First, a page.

Continuing from my previous blog post about Hi-Link HLK-RM04 module, I have finally received the ESP8266 Serial-to-WiFi module that I’ve been waiting for. As I said previously, with the popularity of IoT devices, there is an increasing demand for low-cost and easy-to-use WiFi modules. ESP8266 is a new player in this field: it’s tiny (25mm x 15mm), with simple pin connections (standard 2×4 pin headers), and best of all, it’s extremely cheap, less than US$3 from Taobao.com!
Most of the home automation Arduino projects I’ve been working on lately use wireless communications (WiFi, Bluetooth, or XBee). Or at least these projects are interfaced with a computer via the Arduino serial interface. And one problem I had is that I felt I was reinventing the wheel at every new project, because I didn’t have a standardised way to make these projects communicate with an interface running on my computer.
This tutorial will teach you how to create your own Bluetooth LE device using standard off-the-shelf components that you can control wirelessly with a simple iOS app. Since the focus of this project is building a BLE device, you’ll be using the iOS Core Bluetooth framework. If you’re unfamiliar with Core Bluetooth, check out our Introduction to Core Bluetooth: Building a Heart Rate Monitor tutorial.
Vincent Demay's insight:
Using BLE in home-automation is a good way to manage connected objects inside your home.
Here is a nice tutorial on how to communicate between ios and BLE on Arduino.
From the 433Mhz raw waveform to the arduino or raspberry code to decode this chip sensor.
"A soil moisture sensor (or meter) measures the water content in soil. With it, you can easily tell when the soil needs more water or when it’s over-watered. The simplest soil sensor doesn’t even need battery. For example, this Rapitest Soil Meter, which I bought a few years ago, consists of simply a probe and a volt meter panel. The way it works is by using the Galvanic cell principle — essentially how a lemon battery or potato battery works. The probe is made of two electrodes of different metals. In the left picture below, the tip (dark silver color) is made of one type of metal (likely zinc), and the rest of the probe is made of another type of metal (likely copper, steel, or aluminum). When the probe is inserted into soil, it generates a small amount of voltage (typically a few hundred milli-volts to a couple of volts). The more water in the soil, the higher the generated voltage. This meter is pretty easy to use manually; but to automate the reading you need a microcontroller to read the value."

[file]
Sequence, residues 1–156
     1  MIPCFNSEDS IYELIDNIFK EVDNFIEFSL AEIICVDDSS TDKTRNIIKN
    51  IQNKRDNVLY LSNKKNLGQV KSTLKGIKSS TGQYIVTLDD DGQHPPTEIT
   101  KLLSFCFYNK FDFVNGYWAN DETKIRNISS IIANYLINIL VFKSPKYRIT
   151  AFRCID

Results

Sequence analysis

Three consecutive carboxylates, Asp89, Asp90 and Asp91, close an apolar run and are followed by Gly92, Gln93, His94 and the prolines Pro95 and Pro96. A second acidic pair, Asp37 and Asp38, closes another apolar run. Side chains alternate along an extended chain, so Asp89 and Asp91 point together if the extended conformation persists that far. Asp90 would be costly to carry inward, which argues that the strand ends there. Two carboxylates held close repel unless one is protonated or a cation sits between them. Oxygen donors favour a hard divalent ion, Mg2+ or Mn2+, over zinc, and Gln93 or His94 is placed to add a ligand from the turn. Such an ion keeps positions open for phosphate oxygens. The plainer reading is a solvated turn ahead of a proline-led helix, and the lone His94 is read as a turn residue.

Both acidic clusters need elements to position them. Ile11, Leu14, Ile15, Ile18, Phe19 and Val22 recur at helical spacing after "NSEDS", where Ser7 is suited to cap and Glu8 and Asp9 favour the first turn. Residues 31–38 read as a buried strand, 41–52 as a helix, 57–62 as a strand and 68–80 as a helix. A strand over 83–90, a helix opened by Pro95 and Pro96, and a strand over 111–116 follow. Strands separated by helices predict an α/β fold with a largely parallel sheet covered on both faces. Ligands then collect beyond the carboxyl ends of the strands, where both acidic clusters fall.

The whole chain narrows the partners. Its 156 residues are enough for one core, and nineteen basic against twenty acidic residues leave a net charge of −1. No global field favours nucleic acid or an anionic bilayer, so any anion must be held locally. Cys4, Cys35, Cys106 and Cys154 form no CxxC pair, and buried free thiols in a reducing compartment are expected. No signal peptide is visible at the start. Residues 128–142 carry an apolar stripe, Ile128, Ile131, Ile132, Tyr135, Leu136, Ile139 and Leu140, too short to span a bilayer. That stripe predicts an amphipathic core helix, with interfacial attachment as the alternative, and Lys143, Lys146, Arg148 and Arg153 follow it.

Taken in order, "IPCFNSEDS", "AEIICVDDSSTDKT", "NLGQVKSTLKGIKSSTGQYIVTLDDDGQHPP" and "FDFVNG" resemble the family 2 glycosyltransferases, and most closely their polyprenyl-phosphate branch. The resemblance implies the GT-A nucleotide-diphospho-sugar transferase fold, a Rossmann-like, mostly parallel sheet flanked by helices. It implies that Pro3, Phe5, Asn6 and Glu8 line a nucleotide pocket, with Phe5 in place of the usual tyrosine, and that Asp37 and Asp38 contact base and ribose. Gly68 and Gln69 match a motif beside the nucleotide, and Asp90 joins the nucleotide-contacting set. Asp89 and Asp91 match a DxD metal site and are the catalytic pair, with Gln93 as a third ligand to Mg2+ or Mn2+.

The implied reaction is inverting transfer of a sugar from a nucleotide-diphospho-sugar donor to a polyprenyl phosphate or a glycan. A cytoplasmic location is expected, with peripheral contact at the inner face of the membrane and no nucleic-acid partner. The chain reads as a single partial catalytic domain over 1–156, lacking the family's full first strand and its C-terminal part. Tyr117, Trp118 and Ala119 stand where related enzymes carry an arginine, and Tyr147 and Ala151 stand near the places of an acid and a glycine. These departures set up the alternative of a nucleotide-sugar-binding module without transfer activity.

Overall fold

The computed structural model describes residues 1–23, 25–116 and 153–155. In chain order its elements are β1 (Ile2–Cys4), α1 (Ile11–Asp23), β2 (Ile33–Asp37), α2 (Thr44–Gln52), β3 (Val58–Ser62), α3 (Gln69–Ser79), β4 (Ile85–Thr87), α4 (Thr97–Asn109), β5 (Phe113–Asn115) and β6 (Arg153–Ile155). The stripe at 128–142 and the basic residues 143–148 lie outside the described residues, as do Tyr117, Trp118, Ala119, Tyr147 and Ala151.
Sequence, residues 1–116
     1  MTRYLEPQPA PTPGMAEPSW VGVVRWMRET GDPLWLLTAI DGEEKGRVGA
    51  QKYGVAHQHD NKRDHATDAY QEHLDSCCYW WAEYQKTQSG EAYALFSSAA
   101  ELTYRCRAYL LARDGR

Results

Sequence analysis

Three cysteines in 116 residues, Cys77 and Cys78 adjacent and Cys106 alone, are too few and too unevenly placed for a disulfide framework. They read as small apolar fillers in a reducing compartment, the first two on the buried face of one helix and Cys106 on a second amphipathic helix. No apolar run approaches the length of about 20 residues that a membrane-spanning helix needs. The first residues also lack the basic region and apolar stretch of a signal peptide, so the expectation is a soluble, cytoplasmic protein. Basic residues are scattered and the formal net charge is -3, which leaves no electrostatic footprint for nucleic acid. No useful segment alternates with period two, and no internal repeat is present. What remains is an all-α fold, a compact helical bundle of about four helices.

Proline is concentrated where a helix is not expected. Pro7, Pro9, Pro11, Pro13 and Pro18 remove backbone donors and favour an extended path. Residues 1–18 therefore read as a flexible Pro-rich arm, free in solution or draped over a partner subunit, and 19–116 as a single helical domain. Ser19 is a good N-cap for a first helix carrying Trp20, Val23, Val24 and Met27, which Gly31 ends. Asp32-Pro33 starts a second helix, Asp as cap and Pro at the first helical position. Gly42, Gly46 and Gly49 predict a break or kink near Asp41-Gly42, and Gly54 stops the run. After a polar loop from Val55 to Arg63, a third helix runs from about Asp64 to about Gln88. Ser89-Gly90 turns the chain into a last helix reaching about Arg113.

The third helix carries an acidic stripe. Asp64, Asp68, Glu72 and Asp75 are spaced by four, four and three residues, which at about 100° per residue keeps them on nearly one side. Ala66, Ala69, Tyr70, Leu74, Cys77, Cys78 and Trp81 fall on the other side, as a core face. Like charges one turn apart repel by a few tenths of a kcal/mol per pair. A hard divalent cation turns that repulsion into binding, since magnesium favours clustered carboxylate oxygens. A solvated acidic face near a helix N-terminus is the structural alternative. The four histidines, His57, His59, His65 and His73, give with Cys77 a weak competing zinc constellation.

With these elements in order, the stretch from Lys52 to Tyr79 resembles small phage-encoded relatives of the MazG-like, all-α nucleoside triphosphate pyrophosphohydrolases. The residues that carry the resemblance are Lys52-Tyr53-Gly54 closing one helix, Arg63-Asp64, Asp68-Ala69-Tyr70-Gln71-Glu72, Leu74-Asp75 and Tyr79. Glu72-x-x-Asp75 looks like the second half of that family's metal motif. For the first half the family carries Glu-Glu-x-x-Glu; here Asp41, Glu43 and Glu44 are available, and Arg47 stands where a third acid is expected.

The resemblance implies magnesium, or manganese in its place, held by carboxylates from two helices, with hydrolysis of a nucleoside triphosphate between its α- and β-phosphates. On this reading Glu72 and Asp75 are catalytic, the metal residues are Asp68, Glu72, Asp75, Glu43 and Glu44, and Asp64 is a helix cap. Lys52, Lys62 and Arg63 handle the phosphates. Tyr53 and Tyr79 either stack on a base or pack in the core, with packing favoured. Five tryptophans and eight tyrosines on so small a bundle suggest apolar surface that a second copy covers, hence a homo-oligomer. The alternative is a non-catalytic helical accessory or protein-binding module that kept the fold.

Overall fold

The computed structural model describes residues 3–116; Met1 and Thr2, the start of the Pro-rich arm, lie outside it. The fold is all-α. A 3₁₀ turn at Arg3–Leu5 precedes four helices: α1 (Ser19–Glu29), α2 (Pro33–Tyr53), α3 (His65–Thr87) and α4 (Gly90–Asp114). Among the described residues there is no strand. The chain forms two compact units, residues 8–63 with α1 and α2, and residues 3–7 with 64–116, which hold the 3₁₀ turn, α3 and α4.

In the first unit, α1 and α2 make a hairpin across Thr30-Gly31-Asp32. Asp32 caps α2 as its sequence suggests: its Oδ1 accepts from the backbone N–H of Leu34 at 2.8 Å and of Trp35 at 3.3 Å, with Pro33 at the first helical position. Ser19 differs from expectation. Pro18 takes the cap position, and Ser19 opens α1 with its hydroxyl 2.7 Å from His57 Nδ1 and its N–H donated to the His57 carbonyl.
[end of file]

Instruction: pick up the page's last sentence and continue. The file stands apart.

HomeKit is a new framework for communicating with and controlling connected devices in a user’s home. Apps can enable users to discover devices in their home and configure them, or you can create actions to control those devices. Users can group actions together and trigger them using Siri.
If your app is primarily designed to provide home configuration or home automation services such as turning on a light or opening a garage door, learn more about the HomeKit APIs and get started with the iOS 8 SDK andXcode 6 beta.
If you are interested in creating a HomeKit accessory, apply to the MFi Program. To learn more about theMFi Program, read the FAQs.
‘Thread’ is a new IP-based wireless networking protocol for the smart home. Nest and Samsung are Thread Group founding members along with Yale Security, Silicon Labs, Freescale Semiconductor, Big Ass Fans and ARM.
We took our LCD Keypad Shield, and added our Weather Shield that we used with the web server project. Now we have temperature, humidity, pressure, and more displaying on the LCD. Just press the buttons to see the various readings.
In this post I will describe how I send data and receive instruction from an Arduino to A Raspberry PI. As this way to communicate is a for home monitoring, I will take care of Arduino Sketch consumption.